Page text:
Scratch Stocks – Simple Tool for Simple Moldings

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12 thoughts on “Scratch Stocks – Simple Tool for Simple Moldings

    • Thanks a bunch Jack! Don’t know how I missed that post on your site. I usually follow your musings fairly closely. I’ve never bothered to harden a scratch stock blade since I’m typically only using them for a very short time, but I think I’ll try it next time.

      Loved this line by the way:

      “bland routered mouldings have all the charisma of injection-moulded plastics.”

      I couldn’t agree more.

  1. You’re making a joint stool? So I’m guessing the wood is still pretty wet.
    Thanks for posting this, I was under the impression that a scratch stock was just for making narrow grooves.

    • Well, it was really fresh and green when I started. However, the stock has been sitting around for over a year now so it has seasoned quite well at this point. This was a group build project that I started with my woodworking club, but due to some unforeseen circumstances, we had to put the project on hold. We’re just getting back to it now. The stock is quite a bit harder to work now that it’s dry. But still not as bad as kiln dried wood.

  2. Bob,
    Picture # 3 with the final profile completed states: “The 5/8″ wide flat area that is filed lower than the profile will be used to consistently place the scraper blade the correct distance from the fence in the wooden block each time it is removed for honing.”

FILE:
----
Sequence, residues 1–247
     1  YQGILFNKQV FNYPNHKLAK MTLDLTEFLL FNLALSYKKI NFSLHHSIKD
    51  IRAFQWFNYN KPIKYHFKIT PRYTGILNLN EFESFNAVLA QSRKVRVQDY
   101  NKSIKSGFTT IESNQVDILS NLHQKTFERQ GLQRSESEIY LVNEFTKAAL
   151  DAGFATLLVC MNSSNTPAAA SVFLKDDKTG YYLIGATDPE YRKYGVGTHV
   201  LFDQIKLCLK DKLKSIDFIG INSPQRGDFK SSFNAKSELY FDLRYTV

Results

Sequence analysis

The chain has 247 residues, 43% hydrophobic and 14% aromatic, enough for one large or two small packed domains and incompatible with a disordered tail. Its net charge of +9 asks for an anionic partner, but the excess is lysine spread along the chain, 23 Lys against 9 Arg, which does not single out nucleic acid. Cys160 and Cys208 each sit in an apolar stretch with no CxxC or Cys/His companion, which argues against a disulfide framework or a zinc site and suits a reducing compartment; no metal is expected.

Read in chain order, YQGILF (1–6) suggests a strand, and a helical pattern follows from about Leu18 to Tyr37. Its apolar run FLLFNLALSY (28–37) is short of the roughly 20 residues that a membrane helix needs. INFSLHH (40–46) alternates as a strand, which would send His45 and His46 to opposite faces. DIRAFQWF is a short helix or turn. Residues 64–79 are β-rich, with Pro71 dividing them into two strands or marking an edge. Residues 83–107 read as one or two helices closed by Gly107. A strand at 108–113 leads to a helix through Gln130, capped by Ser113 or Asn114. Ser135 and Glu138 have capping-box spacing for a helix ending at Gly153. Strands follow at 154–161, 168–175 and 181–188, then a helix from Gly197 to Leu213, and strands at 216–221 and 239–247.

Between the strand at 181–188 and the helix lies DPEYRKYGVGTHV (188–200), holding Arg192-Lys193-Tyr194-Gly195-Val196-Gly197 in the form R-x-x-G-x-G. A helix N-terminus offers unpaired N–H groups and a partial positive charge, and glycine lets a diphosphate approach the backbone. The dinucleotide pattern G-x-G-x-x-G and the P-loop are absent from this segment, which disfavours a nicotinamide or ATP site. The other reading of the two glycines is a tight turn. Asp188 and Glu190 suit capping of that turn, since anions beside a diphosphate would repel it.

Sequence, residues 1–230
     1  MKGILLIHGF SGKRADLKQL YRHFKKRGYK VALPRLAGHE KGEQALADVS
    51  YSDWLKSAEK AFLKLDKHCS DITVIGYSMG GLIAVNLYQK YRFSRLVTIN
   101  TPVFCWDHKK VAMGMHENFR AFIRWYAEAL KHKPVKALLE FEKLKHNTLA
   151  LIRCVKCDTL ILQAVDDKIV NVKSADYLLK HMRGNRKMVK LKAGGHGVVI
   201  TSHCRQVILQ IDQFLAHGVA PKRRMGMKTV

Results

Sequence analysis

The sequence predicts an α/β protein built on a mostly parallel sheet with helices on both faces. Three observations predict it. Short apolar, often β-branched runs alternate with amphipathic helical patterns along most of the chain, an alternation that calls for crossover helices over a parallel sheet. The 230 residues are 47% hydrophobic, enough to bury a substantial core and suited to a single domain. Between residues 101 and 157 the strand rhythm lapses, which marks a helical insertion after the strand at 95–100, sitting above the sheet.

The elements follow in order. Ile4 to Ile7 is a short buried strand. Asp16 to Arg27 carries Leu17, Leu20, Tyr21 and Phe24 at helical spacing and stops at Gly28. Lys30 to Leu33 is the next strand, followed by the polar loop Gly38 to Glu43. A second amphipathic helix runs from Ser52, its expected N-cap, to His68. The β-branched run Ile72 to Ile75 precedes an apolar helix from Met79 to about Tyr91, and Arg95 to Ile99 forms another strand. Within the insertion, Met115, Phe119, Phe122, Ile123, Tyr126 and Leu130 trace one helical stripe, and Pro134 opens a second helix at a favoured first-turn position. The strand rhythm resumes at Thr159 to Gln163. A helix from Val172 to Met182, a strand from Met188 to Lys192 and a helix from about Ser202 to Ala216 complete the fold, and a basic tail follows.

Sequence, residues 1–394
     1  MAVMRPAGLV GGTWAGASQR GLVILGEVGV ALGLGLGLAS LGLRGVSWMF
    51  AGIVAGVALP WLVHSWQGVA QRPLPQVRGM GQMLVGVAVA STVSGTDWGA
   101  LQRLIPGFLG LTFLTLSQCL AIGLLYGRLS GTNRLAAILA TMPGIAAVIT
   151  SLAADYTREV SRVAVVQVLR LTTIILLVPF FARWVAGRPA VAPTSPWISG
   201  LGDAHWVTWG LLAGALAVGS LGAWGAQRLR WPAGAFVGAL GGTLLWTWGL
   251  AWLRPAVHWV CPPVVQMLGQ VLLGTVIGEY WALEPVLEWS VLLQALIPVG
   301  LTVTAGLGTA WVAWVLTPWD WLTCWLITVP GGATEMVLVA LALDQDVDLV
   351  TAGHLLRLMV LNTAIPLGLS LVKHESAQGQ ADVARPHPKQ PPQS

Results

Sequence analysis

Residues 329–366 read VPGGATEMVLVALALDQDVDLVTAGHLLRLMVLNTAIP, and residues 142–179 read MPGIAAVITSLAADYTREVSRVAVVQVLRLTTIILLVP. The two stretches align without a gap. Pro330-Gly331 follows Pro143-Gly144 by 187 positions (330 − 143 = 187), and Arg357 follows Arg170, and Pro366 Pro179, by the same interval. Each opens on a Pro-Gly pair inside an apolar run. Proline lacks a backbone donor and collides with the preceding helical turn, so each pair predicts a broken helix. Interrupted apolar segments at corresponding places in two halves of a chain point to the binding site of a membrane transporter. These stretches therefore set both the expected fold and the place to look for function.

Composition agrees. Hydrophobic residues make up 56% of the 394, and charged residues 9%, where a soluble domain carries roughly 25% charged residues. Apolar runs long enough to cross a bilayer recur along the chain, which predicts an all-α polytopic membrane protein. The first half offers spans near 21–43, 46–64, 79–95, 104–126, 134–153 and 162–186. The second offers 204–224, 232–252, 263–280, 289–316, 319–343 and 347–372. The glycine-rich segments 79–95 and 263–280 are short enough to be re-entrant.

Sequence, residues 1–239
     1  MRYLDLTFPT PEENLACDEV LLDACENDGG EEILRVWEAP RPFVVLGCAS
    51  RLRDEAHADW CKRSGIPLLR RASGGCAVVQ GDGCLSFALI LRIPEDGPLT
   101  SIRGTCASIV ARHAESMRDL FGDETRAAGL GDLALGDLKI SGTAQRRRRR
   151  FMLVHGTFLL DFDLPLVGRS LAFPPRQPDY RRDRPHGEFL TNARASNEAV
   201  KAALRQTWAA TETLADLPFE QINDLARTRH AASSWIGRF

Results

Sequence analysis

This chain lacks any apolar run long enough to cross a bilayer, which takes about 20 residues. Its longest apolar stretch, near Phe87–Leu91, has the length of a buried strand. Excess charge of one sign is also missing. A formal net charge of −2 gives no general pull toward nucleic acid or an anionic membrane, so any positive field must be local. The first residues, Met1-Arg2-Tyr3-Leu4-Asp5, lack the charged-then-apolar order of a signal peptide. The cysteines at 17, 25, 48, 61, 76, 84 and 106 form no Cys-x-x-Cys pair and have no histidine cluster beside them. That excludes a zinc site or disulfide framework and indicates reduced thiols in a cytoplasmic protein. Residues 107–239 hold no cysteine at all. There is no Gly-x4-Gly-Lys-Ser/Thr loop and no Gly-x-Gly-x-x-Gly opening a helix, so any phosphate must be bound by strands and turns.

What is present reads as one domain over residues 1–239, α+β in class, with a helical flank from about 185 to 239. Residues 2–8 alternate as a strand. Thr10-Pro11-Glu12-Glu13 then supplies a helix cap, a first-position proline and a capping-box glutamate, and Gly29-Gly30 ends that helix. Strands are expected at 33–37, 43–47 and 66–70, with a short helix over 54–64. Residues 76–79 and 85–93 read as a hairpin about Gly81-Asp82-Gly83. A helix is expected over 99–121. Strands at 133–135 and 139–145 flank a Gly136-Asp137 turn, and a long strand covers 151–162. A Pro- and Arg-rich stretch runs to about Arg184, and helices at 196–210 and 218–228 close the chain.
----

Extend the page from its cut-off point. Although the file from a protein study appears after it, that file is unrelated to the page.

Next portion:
I assume from this that the honing process (done only on the flat sides) is to again create a sharp 90 deg. edge for scraping once the profile starts to round over, and this can be done until the blade becomes thin enough to start flexing, at which time it becomes useless. Correct?

    • Exactly. You won’t make it too thin though unless you use it for a bunch of different projects. I think I only honed this one two or three times for the four stretchers I had to do. Plus, these things are usually single use tools. I don’t find that I typically use them again unless I remake the same piece. I’m going to try hardening the blade next time though, as suggested by Jack. It should cut down on the number of times it needs to be honed.

  3. My first introduction to using scratch stocks was when I was making my joint stool and I’m sold on them. Looking forward to seeing the finished stool.

  4. Great idea. I have s small section of molding I need for a restoration project. I can copy the damaged molding and make a scratch tool. The molding is only about 2 feet long and about 4 inches wide.

  5. It would be nice if someone came up with the idea of a skewed moulding plane. What if you wanted to mould the end grain, 4 sides its impossible without big tearout. Im not eactly sure how it can be done but it would nice.

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